How Certain Thoughts Translate to "Protect & Direct" Actions
Looking at why we do what we do when we protect and direct bereaved parents.
Posted Dec 24, 2019
The previous post outlined the common beliefs and assumptions that drive our urge to “protect and direct” grieving parents. This post explores how these beliefs and assumptions translate into specific ways of offering support.
Whether as a professional or a friend, when you offer support to parents whose baby has died, your efforts are guided by your beliefs and assumptions about what the parents are going through and what is best for them. Your thoughts translate into actions. Becoming aware of how you think about this type of bereavement can help you understand why you do what you do—for better or worse.
Listed below are a dozen commonly accepted thoughts about parental bonding, death, dead bodies, grief, and adjustment, followed by the common “protect” or “direct” actions they inspire. Some obviously apply to professionals; others can apply to everyone who offers support. See if any resonate as true for you.
Thought: "The topic of death is best avoided."
Action: Protect parents by not talking about it, or at least softening hard truths with euphemisms like “loss” and “passed” and “angel.”
Thought: "It’s just a miscarriage." Or, "the parents haven’t yet envisioned a beloved baby."
Action: Protect parents by using impersonal or medical terms, such as “the pregnancy,” “it,” “blighted ovum,” “fetus,” or “products of conception.”
Thought: "Parents who spend too much time with their babies will get too attached and grieve more deeply."
Action: Limit the time parents spend with their baby; hastily remove the body.
Thought: "Parents will be frightened or disgusted by their baby’s dead body."
Action: Protect parents by removing the baby from view before talking to them about seeing their baby.
Thought: "Parents will be horrified by a less-than-perfect baby."
Action: Protect parents by covering up parts of the baby's body that are underdeveloped, deformed, or deteriorated.
Thought: "Distressed parents can't make good decisions."
Action: Direct parents by encouraging them to at least see the baby, telling them they'll likely regret it if they don't.
Thought: "Bereaved parents aren’t really full-fledged parents. They don't know what to do."
Action: Direct parents by busily running them through a protocol of activities during the time they spend with their little one.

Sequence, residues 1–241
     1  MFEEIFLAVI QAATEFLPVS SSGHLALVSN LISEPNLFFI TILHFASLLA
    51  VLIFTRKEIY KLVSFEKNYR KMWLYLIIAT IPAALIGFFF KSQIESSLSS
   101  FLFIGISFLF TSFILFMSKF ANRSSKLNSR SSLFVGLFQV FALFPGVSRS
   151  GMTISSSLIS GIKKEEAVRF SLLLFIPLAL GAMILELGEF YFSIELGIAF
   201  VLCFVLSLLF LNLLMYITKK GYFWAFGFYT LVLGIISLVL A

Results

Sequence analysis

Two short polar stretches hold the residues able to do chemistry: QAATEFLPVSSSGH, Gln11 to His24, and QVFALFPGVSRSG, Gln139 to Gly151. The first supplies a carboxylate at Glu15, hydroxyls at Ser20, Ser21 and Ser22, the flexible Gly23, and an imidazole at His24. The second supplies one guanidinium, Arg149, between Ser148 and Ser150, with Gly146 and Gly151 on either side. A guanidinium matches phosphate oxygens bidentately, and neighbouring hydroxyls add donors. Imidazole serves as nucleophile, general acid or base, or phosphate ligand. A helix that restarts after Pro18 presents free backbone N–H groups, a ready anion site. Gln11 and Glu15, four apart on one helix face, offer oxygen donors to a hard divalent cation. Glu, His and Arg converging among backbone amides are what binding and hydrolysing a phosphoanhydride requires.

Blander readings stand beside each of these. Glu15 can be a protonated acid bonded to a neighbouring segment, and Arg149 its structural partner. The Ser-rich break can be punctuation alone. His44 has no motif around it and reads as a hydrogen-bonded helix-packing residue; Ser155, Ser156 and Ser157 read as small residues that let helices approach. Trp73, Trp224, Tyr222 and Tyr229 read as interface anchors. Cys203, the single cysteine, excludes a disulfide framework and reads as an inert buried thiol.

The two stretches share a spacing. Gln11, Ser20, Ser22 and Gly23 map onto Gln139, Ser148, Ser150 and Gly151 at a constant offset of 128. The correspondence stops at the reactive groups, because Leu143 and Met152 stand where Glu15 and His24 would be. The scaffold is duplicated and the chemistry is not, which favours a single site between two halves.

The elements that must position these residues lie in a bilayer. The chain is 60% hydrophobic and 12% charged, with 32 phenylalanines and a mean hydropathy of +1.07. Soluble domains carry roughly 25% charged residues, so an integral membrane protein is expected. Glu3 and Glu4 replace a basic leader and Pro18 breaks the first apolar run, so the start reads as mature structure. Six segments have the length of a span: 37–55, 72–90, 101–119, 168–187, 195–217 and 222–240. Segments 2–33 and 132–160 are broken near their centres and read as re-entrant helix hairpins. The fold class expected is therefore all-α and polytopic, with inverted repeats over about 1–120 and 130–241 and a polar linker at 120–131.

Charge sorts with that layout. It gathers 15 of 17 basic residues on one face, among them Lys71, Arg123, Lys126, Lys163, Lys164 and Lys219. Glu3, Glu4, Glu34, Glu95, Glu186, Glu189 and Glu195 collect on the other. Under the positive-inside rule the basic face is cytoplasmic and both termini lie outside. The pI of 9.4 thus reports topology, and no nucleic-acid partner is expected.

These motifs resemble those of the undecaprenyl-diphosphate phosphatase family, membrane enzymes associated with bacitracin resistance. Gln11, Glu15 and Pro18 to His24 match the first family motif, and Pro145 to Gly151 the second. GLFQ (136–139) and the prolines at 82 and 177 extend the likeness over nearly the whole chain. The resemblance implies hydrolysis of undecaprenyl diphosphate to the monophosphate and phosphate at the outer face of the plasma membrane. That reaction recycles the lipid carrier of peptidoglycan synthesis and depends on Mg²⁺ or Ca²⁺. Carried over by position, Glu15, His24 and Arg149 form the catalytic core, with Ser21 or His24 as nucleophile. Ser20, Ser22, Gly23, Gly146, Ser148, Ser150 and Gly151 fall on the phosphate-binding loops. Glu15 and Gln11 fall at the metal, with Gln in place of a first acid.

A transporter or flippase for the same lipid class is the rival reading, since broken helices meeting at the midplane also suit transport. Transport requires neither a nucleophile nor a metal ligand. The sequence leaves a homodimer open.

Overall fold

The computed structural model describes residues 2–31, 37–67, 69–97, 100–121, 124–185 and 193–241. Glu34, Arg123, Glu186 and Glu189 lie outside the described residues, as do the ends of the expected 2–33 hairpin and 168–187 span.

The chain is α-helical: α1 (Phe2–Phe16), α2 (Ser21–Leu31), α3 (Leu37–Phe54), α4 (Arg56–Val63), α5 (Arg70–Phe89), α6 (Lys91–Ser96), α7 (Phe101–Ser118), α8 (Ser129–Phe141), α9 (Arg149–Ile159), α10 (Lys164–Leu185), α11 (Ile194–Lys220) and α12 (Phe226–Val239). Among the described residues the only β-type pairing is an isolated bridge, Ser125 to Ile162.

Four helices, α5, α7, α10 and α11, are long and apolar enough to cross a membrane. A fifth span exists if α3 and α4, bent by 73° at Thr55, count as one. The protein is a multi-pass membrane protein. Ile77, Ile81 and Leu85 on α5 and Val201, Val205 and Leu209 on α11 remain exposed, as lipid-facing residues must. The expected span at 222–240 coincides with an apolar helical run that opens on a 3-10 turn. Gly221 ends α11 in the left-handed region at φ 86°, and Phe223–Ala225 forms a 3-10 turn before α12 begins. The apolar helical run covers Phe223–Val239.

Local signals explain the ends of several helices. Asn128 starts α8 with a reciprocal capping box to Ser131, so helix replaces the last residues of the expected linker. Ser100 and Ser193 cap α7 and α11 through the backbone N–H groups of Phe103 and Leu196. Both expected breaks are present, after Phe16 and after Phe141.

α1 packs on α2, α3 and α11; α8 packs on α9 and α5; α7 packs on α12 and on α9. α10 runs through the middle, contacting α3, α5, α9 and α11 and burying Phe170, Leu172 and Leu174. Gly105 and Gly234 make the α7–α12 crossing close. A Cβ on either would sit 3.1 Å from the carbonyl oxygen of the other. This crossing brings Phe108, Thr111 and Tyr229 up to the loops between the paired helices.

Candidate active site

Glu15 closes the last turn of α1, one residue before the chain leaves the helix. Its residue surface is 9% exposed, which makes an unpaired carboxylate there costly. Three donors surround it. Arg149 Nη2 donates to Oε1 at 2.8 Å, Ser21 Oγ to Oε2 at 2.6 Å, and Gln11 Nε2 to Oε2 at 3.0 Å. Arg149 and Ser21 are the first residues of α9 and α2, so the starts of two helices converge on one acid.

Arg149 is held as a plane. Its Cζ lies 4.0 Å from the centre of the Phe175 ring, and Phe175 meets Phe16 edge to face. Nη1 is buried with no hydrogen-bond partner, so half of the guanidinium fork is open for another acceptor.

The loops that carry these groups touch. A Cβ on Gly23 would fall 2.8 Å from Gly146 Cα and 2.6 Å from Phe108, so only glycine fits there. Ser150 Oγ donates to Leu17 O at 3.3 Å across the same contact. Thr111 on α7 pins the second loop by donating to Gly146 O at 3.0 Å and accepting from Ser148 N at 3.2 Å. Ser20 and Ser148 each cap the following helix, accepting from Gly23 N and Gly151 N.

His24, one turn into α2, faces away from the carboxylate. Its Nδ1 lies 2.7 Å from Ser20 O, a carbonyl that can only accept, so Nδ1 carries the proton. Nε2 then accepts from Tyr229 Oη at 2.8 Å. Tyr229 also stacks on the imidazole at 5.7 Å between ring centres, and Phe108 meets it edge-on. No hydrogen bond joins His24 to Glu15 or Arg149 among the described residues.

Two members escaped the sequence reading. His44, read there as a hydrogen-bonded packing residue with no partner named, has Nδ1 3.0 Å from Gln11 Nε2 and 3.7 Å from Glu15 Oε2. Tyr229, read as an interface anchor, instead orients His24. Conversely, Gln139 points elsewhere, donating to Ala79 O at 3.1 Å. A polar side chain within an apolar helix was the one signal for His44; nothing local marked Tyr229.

Thought: "Dead bodies are full of germs."
Action: Direct parents by urging them to say goodbye to their baby as soon as possible.
Thought: "Dead bodies decompose at a rapid rate."
Action: Direct parents to relinquish the body to the morgue or funeral home sooner rather than later.
Thought: "Parents shouldn’t dwell on their baby."
Action: Protect parents by not using their baby’s given name and refrain from asking them what happened or how they’re really doing.
Thought: "It's counterproductive for parents to be 'too emotional' or to fall apart."
Action: Direct parents to buck up and remember, “It’s for the best,” or “It’s God’s will.”
Thought: "It's a kindness to offer hope and silver linings."
Action: Direct parents to “feel better” by offering them platitudes like, “You’re young; you can have another.” Or, “It’s a blessing in disguise.”
Notice the overarching themes: When we think "a baby's death is insignificant," or "parents don't know what to do," or "parents shouldn't suffer," we become intent on protecting and directing by (a) not making a big deal about it, (b) limiting their exposure to the baby, (c) telling them what to do, and (d) encouraging them to move on.
Unfortunately, parents report that “protect and direct” practices do far more harm than good. Interestingly, parents are often surprised by this observation, because before their babies died, they protected and directed the bereaved parents they encountered. But after their babies die, parents realize that “protect and direct” is not therapeutic support.
Why isn't “protect and direct” beneficial to parents? Well, remember those ideas—the common beliefs and assumptions—that drive this approach? Bereaved parents report that these ideas are off-base, not even remotely describing their actual experiences, desires, or needs.
So when we offer support inspired by these ideas, we are essentially using myths and misinformation to guide our interactions and interventions with parents. Indeed, because all those ideas are the exact opposite of what parents are actually experiencing, this means that “protect and direct” is the exact opposite of what parents actually want and need.
The next post looks at specifically why “protect and direct” bothers parents and the particular harm it does.